3. People need to understand story. God’ redemptive story, their story and how to engage in story. I preached a bit on this a week ago:

    Hope this helps….

  • archshrk

    June 14, 2007, 11:20 am

    I’m really glad to read this. Looking back I see how true it’s been and it encourages me to know that not only do we have passionate people in our church but that leadership supports them.

  • Jacob Vanhorn

    June 18, 2007, 8:03 am


    This is an area that I have done a lot of thinking on myself, and I love the direction that Kaleo is going on this. I also would like to see ministry come through the members. So consider this from a fellow leader asking the similar questions.

    Your initial quote ‘may’ be too specific. After reading your reasons for the quote, I re-read it with certain accents. Please tell me if the accents I am reading are as you intended as I may be wrong.

    ‚ÄúIf church leadership (staff/elders) creates a program and tells people they ‘should’ attend, it is not the gospel.‚Äù

    The ‚Äòshould’ attend emphasis:
    I think the question I have is found in point #1 where attendance at the program is equated with ‘come to this if you want to be a good Christian’. Can this concern be diminished in how we present the opportunity/event? ‚ÄúFolks, we recognize that developing consistent study habits for the renewing of our minds can be challenging on your own. Things that are difficult on your own, can be encouraged and enriched through community. For those of you who would like to attend, there are several study groups starting in the area.‚Äù

    For me, it might be too all-encompassing to keep the quote as initially written. I could foresee there being a program that we wanted to start from a leadership perspective where attendance is not compulsory and where it either didn’t require long-term survivability or where it was mission critical. Also, maybe a pastor/staff member wants to model starting a program that God has laid on their heart. Some things we start because it is good for the church. Some things we are compelled individually to start just as a lay member might be. I think the quote is in the right direction and could be a great internal guiding question for staff.

    Below are a few more random thoughts:

    Potential Lay Leaders
    I have found that many lay-people in the church (especially those who are already churched) are unsure of how to approach leadership with a new idea. We would need to make open invitations and clear lanes for starting up a new program/event/ministry. They also often lack confidence in their ideas so we would need to encourage them and extend grace when they present their ideas.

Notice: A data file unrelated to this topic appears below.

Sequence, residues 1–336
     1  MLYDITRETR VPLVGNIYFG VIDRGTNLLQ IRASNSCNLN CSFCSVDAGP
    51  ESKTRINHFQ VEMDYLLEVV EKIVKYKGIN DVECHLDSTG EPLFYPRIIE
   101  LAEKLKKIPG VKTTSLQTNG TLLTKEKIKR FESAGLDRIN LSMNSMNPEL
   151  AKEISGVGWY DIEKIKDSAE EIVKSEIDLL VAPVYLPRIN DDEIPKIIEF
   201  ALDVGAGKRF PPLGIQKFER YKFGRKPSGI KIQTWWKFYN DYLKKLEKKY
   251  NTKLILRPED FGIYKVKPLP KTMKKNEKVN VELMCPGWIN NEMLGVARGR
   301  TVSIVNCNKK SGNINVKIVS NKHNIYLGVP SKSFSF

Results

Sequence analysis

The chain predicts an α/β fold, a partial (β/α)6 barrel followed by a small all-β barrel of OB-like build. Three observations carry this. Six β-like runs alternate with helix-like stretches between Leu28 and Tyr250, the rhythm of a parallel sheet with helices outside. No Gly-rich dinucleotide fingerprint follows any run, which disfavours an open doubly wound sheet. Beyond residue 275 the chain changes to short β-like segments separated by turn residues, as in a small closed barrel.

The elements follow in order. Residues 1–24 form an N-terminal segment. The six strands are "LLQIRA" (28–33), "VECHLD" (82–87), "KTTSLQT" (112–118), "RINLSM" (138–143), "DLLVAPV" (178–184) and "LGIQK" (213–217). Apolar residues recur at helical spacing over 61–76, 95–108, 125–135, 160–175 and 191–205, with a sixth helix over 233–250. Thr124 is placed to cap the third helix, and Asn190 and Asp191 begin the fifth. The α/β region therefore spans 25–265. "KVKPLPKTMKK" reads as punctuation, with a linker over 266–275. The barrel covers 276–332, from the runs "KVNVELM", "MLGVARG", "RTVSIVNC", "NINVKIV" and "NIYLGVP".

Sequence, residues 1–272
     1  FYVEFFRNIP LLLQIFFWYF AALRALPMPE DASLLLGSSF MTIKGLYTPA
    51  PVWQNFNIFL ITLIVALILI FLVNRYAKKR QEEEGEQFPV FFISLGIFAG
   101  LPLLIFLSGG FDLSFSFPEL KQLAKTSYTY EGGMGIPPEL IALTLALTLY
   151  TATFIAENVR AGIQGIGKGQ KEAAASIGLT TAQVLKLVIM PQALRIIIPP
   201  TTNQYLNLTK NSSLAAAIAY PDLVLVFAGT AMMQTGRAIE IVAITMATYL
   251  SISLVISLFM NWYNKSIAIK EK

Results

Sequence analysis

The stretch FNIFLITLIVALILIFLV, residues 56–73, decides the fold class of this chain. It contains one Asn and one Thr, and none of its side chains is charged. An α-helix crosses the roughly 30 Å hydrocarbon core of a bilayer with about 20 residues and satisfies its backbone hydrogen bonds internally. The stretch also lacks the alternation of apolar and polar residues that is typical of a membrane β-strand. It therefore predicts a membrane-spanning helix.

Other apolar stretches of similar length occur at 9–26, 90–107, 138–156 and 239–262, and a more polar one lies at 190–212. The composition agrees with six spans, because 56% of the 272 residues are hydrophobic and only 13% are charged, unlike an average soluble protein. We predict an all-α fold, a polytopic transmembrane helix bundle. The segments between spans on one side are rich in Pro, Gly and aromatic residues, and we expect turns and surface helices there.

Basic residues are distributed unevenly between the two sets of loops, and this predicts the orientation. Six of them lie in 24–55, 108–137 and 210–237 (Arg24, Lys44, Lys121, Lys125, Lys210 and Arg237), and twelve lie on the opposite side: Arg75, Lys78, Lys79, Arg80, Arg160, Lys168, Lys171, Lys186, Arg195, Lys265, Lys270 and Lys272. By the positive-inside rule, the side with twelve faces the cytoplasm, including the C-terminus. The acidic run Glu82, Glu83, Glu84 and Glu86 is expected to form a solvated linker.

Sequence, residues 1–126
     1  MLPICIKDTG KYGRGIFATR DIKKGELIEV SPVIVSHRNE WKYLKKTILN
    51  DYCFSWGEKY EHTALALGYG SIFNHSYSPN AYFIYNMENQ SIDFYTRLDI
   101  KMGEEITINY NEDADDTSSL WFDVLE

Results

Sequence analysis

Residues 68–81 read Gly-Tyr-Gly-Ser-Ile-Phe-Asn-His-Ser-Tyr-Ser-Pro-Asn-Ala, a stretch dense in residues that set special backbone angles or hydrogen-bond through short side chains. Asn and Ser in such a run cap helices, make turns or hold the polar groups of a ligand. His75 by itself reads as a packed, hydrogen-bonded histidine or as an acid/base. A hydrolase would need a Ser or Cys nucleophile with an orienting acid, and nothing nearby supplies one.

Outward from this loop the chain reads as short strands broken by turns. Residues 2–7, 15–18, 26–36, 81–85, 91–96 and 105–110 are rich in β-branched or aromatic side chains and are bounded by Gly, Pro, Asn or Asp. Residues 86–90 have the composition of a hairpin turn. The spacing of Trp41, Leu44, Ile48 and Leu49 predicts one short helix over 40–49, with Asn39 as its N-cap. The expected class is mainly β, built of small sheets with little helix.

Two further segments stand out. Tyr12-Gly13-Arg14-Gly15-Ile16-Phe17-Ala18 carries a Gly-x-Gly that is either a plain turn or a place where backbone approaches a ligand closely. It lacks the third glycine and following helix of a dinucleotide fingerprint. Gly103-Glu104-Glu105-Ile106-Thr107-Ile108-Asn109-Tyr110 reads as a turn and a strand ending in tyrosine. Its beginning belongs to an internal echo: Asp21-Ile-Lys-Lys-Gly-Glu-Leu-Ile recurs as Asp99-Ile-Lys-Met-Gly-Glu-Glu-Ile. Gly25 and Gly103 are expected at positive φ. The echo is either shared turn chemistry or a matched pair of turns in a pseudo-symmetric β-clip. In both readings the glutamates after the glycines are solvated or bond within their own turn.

Ideas I Have Kicked Around
    1. We have 3000+ in attendance with various giftings and areas of ministry. Sometimes I think the best thing we could do to serve them would be to have a special Sunday service where we say, “Anyone who loves Business as Missions go to Room 103. Anyone who loves feeding the homeless go to Room 104. Etc….” Once there, I would have them all mingle for a while and then sit down in small groups with some guided questions: Why did you come to this room? What has God laid on your heart? What are some next steps? How can I pray for you? We could then collect this info, identify a lay-leader and let him/her assemble a leadership team.
    2. Using the local missions ministry to help members succeed rather than starting programs. Let’s say Suzy has an idea for feeding the homeless. She has a great heart but no way to get it started. I think a mentor (maybe a pastor or business leader depending on the ministry) could then lead them through the process of creating a event/program/ministry that is set up for success. Maybe a written tool that helps to train/assess with personal follow-up. It would have to be stressed that this is a process that seeks to encourage them and help them succeed, not to be a bottleneck.

    Thanks Drew again for a great question and great direction.

  • Mike

    September 23, 2008, 10:33 am

    I know this is old, but I just came across it. This is great read! I think you are onto something. I look forward to looking through your blog.

    I responded with my own thoughts today.

  • Ed Soto

    September 24, 2008, 11:59 am

    Good to see you over here, Mike.

    My only comment is to say, God bless you leaders who assist congregants to fulfill their God-given visions. My experience has been that leaders either say “yes” but bail out should the new idea create any waves, or say “no” because they would rather you sign onto their agenda.

    God builds his kingdom with living stones, not bricks.